Wednesday, November 21, 2007

what i'm thankful for (and update on the ongoing music hall controversy!)

As we approach Thanksgiving - a time of food, football, and family drama - it's easy to forget the reason why this holiday was invented by the department stores in order to draw the Christmas season as far into the year as possible. Thus, I give you a list of things I'm thankful for, in the hopes of raising your holiday awareness:

- That when you're crossing Georgia Avenue, it's always okay to leave your mother on the other side. ["Residents lobby for parkland on Georgia Avenue", The Gazette]

- That neighbors in East Silver Spring can agree on something, even if it's how much they can be bought for. ["Fenton Village neighbors join up to offer properties", The Gazette]

- That in College Park, our school's president cares more about his own "legacy" than if students can actually get to campus. ["Seeing Purple," The Diamondback]

- And, finally, that Silver Spring residents have begun to question why Ike Leggett's been so stubborn about entertaining Seth Hurwitz' counter-proposal for the music hall on Colesville Road.

The Silver Spring Scene has a copy of Leggett's response to a letter sent by the Silver Spring Citizens Advisory Board last week begging him to open up talks between the County and current beau Live Nation to other promoters, like Hurwitz, owner of the 9:30 Club.

From the letter:

"For obvious reasons, it would be inappropriate for the County to enter into an agreement with one operator only to subsequently decide to engage in simultaneous negotiations with a second proposed operator that has the benefit of seeing and undercutting the signed terms of its competitor’s agreement . . . Had the County originally signed a Letter of Intent with the 9:30 Club, or any other operator, and a third party inserted itself into the negotiations at the last minute by cherry-picking an existing proposal, my attitude would be the same."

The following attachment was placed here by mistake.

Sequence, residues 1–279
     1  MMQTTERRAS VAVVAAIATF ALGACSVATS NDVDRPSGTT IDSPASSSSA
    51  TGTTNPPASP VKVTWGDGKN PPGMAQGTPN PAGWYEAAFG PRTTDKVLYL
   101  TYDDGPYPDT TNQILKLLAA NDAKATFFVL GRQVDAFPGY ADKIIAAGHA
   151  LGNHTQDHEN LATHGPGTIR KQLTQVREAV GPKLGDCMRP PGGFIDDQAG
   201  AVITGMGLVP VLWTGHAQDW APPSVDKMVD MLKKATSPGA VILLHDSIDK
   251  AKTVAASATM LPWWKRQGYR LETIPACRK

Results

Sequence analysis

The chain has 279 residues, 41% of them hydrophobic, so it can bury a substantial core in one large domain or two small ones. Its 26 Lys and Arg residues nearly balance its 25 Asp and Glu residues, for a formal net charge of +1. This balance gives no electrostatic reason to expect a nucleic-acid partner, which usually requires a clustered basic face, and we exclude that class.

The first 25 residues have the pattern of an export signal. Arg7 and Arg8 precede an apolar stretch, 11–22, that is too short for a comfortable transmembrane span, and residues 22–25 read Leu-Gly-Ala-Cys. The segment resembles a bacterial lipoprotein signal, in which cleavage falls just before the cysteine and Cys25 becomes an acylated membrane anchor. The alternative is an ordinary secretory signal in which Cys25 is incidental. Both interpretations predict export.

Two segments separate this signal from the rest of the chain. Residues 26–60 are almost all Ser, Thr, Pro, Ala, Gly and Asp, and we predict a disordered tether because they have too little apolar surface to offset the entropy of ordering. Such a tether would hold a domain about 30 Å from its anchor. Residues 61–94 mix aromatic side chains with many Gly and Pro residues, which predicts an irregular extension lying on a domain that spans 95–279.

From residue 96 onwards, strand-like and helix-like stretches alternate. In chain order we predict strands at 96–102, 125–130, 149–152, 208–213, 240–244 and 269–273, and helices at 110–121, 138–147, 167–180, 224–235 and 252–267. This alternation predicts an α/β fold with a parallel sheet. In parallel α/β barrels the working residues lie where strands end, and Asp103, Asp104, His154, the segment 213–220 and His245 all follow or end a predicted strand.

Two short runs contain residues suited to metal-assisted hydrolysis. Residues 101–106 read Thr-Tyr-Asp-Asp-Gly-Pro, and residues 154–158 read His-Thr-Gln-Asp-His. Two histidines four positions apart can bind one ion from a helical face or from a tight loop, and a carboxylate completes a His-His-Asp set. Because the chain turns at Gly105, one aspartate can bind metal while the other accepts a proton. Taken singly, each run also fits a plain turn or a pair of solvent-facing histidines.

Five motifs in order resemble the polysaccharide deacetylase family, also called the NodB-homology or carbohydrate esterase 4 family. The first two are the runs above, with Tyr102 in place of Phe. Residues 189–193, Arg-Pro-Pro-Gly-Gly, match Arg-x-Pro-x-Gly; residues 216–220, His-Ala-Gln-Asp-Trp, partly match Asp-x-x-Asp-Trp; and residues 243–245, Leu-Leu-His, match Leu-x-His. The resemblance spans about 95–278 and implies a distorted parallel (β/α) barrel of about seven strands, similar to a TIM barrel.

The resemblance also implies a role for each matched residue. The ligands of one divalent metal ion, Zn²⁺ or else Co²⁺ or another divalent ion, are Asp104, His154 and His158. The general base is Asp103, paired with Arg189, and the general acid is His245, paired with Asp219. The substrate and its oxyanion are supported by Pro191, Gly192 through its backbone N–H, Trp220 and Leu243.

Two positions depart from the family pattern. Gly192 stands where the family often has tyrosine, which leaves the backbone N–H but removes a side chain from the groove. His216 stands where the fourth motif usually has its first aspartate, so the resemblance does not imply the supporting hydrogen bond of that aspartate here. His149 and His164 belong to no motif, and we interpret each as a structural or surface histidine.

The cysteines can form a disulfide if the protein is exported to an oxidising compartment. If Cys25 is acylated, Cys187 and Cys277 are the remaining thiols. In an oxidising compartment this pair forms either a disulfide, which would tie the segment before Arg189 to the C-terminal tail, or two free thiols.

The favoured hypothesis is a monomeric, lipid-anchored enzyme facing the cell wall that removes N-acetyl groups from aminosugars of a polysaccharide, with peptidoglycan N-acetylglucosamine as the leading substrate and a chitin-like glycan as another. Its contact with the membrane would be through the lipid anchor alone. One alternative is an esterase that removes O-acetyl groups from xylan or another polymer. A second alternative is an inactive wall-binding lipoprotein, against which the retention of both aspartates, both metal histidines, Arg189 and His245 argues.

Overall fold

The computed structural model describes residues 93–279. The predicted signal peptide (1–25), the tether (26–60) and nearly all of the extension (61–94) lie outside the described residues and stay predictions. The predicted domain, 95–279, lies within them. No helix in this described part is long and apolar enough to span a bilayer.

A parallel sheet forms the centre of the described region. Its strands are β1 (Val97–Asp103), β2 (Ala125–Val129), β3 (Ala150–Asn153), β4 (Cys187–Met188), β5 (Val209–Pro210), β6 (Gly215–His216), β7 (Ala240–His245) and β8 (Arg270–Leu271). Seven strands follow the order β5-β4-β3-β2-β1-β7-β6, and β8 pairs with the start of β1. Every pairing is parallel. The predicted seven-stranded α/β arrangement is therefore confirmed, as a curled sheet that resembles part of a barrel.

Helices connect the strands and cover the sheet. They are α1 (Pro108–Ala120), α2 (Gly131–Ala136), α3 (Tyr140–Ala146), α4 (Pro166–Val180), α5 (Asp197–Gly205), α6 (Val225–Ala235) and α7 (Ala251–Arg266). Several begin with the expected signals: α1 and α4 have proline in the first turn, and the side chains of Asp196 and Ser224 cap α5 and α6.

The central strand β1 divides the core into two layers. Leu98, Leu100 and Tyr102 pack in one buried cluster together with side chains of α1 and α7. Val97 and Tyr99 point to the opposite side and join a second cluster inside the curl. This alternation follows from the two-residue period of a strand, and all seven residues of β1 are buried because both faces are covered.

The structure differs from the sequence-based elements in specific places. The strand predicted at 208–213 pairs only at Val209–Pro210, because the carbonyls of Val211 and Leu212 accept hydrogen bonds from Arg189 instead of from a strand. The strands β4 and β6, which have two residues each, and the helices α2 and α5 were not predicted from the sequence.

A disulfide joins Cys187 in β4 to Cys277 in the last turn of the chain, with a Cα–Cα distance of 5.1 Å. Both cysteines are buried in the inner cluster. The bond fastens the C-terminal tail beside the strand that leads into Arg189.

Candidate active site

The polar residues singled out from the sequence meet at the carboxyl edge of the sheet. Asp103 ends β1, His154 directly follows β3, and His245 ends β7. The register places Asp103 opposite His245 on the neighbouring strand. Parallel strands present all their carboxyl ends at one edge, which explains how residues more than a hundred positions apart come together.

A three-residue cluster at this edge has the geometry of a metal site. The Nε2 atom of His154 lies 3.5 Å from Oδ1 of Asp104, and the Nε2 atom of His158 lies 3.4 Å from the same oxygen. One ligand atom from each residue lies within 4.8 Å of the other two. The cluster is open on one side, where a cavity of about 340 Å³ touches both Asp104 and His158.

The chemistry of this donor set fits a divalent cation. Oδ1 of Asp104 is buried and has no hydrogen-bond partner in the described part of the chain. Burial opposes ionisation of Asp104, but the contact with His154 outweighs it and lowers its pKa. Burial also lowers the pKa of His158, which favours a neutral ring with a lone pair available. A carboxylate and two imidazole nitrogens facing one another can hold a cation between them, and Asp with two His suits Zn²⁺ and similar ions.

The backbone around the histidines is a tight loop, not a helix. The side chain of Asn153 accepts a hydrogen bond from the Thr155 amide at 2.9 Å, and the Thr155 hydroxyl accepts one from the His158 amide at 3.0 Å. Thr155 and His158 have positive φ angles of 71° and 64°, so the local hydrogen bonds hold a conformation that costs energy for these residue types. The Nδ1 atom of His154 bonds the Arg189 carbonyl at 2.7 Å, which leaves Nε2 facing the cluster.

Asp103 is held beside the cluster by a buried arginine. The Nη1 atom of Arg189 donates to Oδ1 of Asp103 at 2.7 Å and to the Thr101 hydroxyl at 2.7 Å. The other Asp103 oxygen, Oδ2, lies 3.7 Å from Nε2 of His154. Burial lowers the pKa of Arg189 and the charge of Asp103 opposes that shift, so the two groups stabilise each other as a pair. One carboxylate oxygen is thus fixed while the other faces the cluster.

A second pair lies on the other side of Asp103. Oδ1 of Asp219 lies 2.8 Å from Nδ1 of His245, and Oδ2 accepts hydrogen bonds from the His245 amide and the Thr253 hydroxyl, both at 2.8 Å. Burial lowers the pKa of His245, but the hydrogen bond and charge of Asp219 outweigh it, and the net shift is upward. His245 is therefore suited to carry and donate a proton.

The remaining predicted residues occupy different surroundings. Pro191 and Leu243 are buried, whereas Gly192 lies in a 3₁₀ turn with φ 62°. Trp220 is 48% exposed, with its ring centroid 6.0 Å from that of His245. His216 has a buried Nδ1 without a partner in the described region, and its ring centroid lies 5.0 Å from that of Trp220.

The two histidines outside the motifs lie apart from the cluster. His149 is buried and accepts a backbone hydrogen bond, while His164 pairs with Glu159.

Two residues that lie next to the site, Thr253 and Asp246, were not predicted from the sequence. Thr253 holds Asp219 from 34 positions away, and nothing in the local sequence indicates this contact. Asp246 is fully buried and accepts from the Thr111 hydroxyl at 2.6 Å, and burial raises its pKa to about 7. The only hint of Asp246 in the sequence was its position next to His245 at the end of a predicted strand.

"That they're calling our attempt 'cherry-picking' is inaccurate, especially since our first attempt to speak with the County was before any announcement," says Audrey Schaefer, communications director for Hurwitz' It's My Party Productions, in a phone interview with JUTP. "We're not saying 'stop talking to them.' We could never do that. We're saying 'open the process up.'"

Schaefer contends that I.M.P. first approached the County two days before plans were announced to open a Fillmore music club at the site September 26th. "He's saying it's too late, but indeed legally, it's not," she adds, noting that Leggett fails to mention that his agreement with Live Nation was, in fact, non-binding.

Is the community overreacting - or could there be something going on behind the scenes that he's not letting us in on? Leggett says he has the patience of Job, but why is he being so stubborn?


Anonymous said...

Great post, as usual Dan. Mr. Leggett should be reminded that "cherry-picking" is generally done by migrant workers, while those questioning him are resident voters. I have read Ike Leggett's bio. and he is a good, moral man, and frankly, he has given more to the community than I ever will, but I find he spends more time defending his decisions than making them. Politics are the ugly side of Democracy, and good men get eaten alive.

Anonymous said...

Dan, you have a great eye for the absurd! Enquiring readers want to know: what happened to Gene Lynch's mother? Is she still standing on the west side of Georgia Avenue, all alone?

Anonymous said...

For the record, 9:30's letter to the County was dated and received September 24 -- six days AFTER the Letter of Intent was signed.

Anonymous said...

I.M.P.'s letter was sent days before there was an announcement of a non-binding letter of intent. There was no way to know the County had signed the letter 6 days prior, since it was done in private. If there were a transparent process, everyone would have known the time frame for submitting a proposal. There was none.